From Socialist Voice, September 2008

Demographic changes and wage rates spur migration flows

Europe’s population is ageing, and falling, with some regions in eastern Europe likely to become almost deserted in coming years. Meanwhile new studies show that the European Union still has wide disparity between men and women’s pay as well as in levels of minimum wage.
     The population of Europe will drop from 591 million to 542 million by 2050, while the proportion of those over the age of sixty-five will grow from 16 per cent to 28 per cent, according to a report by the Berlin Institute for Population and Development.
     European women on average have 1.5 children, compared with 2.5 in Asia and Latin America and 5 in Africa; an average of 2.1 is needed to sustain long-term population figures.
     But the average masks wide differences between European countries. Britain, Ireland, France and Scandinavia are in the range 1.8 to 2, while Germany, Spain, Italy and most of eastern Europe are below 1.4.
     Based on twenty-four social and economic indicators, including age trends, job prospects, and levels of environmental pollution, the survey found that Scandinavia, Britain, the Netherlands, western Germany, Switzerland, Slovenia, Austria and France face the best future in the form of vibrant, economically successful societies.
     Poland, Romania, Bulgaria, the Czech Republic, Slovakia, Hungary, southern Spain, southern Italy and eastern Germany have bleaker prospects, though regions around capital cities, such as Bratislava, Prague, and Budapest, defy the negative eastern European trend.
     The sustainability or “attractiveness” map of European regions translates into migration flows, which will see populations drop by 12 to 18 per cent by 2030 in the Baltic states, Ukraine, Belarus and large swathes of rural Bulgaria and Romania, as well as some parts of Poland and east Germany. “Remote areas no longer have any means to stem outward migration, they are simply drained empty,” the study says.
     The report provides a comparison of Irish and German demographic developments and should alert us to the possibility that we may end up subventing German pensions through EU “own resources” should we allow the Lisbon Treaty to be foisted on us or, alternatively, through a modified EU Pensions Directive.
     The widely differing levels of minimum wage available to workers in EU member-states shows another reason why some eastern European economies continue to suffer outward flows. While employees in France, Belgium, the Netherlands and Luxembourg can legally take home no less than €1,279 to €1,570 per month, a Bulgarian worker’s bottom line is only €92 per month, while Polish or Czech employees can only count on €247 to €288, according to a survey by the European Foundation for the Improvement of Living and Working Conditions, based in Cabinteely, Co. Dublin. In Ireland the minimum wage at present provides €1,384 per month for a forty-hour week.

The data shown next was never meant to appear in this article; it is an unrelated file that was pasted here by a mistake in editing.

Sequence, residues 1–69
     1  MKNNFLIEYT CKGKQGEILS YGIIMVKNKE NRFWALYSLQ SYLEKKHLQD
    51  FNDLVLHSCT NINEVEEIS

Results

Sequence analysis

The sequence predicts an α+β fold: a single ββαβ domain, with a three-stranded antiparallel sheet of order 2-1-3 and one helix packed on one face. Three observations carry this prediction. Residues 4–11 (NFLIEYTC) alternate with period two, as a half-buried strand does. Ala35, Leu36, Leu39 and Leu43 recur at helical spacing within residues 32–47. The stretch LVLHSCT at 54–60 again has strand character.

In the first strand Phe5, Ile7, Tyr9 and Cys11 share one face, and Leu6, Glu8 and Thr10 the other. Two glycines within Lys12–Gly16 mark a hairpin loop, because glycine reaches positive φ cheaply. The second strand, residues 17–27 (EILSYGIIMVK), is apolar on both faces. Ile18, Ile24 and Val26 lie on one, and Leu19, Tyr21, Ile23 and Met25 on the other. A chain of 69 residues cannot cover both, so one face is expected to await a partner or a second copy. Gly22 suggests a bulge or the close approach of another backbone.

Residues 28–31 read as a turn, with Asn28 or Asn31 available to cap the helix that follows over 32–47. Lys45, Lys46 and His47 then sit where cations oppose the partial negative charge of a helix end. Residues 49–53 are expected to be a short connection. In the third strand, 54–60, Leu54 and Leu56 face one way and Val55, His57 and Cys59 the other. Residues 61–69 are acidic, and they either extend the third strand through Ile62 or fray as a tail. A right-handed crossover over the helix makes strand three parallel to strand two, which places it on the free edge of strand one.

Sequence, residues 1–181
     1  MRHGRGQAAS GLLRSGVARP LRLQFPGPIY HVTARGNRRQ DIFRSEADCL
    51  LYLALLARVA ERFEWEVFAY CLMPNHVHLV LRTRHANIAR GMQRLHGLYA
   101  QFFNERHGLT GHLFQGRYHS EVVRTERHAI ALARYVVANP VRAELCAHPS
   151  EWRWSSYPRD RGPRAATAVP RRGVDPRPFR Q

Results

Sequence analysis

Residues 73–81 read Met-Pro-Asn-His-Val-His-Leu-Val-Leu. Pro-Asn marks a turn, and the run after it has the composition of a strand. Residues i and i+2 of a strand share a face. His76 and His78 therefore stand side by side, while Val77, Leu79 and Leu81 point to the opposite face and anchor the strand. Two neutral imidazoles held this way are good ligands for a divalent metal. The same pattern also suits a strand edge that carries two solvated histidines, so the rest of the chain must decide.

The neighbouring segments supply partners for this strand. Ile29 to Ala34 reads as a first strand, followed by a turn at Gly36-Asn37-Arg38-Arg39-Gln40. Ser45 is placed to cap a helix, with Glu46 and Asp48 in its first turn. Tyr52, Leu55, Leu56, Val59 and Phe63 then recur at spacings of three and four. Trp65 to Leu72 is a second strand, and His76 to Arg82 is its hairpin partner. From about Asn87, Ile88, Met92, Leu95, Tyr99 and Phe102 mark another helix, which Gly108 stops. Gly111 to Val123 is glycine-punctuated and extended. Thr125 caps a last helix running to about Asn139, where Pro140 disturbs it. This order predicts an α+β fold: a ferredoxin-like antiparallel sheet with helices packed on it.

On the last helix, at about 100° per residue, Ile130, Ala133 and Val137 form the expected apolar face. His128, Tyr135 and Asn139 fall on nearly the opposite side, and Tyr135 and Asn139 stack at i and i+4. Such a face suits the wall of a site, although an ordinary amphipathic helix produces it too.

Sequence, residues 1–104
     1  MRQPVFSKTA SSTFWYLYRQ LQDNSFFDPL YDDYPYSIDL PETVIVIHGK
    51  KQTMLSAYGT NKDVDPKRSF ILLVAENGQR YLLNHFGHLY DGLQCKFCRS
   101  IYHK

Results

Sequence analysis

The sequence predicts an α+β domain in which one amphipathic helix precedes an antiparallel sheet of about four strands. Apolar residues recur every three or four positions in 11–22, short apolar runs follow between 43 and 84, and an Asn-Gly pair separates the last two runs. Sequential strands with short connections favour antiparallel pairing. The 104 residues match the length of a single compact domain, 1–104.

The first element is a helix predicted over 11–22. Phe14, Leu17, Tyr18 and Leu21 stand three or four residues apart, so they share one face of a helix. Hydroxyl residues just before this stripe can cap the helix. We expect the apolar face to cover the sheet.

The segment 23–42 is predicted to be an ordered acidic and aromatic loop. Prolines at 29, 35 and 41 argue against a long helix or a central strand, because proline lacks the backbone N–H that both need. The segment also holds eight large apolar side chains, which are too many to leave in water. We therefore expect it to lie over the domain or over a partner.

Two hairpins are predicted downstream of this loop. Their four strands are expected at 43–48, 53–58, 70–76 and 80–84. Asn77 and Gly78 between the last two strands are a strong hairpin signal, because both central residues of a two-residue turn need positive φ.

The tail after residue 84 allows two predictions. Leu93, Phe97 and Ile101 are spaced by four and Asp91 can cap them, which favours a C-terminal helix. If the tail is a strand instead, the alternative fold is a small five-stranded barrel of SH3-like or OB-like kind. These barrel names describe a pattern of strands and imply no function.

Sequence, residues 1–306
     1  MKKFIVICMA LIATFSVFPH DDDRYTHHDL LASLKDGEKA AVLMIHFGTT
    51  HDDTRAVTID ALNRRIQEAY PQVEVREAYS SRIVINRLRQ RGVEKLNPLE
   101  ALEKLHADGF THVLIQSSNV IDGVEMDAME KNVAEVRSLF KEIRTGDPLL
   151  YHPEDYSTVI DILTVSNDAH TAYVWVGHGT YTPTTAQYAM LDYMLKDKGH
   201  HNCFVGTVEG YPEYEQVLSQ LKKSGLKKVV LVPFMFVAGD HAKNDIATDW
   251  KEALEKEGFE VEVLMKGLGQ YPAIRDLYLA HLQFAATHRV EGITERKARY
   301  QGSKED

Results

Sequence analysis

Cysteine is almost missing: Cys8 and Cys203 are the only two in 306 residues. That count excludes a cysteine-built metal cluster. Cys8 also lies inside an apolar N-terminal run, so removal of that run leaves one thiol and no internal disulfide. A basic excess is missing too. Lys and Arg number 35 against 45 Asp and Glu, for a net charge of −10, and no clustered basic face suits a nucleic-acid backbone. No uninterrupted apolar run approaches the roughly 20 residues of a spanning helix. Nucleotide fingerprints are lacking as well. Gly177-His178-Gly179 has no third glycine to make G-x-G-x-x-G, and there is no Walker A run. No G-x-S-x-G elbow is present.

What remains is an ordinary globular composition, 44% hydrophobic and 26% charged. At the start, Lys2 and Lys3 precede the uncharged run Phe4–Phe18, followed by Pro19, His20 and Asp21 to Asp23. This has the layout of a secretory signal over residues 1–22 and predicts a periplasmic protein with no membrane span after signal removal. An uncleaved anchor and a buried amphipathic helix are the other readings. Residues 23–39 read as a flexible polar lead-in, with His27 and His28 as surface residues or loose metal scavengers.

Average earnings are generally rising much faster in the east than in the west. Inflation-adjusted pay went up by 18.3 per cent in Latvia last year and by 4.4 per cent in Poland, while real income shrank by 1.1 per cent in France. The average increase throughout the European Union in 2007 was 8.3 per cent, while in Ireland, despite the baying by employers, it was 4.9 per cent—a mere 0.7 per cent ahead of Britain and 3.4 per cent below the EU average.
     Meanwhile, the gender gap persists. Women in the European Union still earn on average 15.9 per cent less than men. Slovenia, where women tend to earn 93.1 per cent of men’s wages, is the most egalitarian EU state in this regard, with Ireland, surprisingly, at 91 per cent or fourth-best of the member-states and Italy, Spain, Poland and France also scoring high. Slovakia is the worst place to work for women, with only 73.1 per cent parity, while Germany also scores low, with 78 per cent.
     So, the gap continues to exist; but despite the obvious contradiction, the ICTU and some unions urged us to support the Lisbon Treaty because measures taken by the European Union had closed the gap! If this was true, surely founder-members, such as Germany, would have achieved a situation of parity?
     However, even the gender-conscious Netherlands maintains a full 20 per cent gap, leading one to the only conclusion: that workers must not rely on the European Union to give them rights, as the ICTU and others would advocate.

■ The full report can be seen at www.europarl.europa.eu/sides/getDoc.do?pubRef=-//EP//TEXT+TA+P6-TA-2007-0098+0+DOC+XML+V0//EN&language=EN.

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